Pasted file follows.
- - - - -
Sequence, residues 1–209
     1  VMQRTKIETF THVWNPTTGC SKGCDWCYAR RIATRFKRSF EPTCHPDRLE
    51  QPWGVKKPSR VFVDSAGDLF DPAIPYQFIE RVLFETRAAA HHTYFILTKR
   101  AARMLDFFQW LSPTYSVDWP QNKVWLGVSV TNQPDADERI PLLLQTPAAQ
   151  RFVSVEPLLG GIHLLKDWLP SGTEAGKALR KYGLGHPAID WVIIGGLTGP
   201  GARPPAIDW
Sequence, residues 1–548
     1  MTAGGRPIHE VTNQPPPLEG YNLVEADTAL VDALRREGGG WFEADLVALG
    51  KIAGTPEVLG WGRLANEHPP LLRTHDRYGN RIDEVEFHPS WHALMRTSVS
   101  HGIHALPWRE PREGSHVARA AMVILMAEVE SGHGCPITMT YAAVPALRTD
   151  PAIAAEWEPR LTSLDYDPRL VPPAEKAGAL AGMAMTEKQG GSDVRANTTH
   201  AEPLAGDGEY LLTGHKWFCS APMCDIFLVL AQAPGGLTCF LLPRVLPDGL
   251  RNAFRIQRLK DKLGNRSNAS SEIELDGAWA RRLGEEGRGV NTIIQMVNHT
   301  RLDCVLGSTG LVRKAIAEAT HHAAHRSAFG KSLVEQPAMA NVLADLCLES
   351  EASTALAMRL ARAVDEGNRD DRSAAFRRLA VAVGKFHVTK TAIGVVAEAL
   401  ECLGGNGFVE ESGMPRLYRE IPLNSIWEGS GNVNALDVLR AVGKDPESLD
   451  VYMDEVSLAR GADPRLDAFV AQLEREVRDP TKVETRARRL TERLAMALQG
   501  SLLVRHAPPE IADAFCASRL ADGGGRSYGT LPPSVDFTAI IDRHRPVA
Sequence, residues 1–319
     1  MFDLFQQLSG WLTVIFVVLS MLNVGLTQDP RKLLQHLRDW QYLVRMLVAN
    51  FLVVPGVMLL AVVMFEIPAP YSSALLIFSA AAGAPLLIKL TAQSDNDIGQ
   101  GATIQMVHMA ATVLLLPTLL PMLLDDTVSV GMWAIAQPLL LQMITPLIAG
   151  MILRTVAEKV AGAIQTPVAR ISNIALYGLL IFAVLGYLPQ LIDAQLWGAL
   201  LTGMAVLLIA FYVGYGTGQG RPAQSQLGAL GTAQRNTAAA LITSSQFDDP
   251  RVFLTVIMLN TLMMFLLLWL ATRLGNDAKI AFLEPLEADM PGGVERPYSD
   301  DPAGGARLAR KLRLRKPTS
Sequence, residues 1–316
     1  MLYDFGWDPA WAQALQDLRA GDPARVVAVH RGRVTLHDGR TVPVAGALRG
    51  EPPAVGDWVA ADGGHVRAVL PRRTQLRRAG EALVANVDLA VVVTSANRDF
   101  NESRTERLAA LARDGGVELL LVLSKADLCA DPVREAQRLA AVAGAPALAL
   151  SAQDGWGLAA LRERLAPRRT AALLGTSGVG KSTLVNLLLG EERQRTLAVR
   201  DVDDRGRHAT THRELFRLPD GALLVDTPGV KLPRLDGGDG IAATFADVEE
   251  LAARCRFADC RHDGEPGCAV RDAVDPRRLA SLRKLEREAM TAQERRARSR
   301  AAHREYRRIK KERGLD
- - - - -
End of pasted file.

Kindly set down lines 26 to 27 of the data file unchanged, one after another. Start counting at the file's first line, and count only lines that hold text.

   301  DPAGGARLAR KLRLRKPTS
Sequence, residues 1–316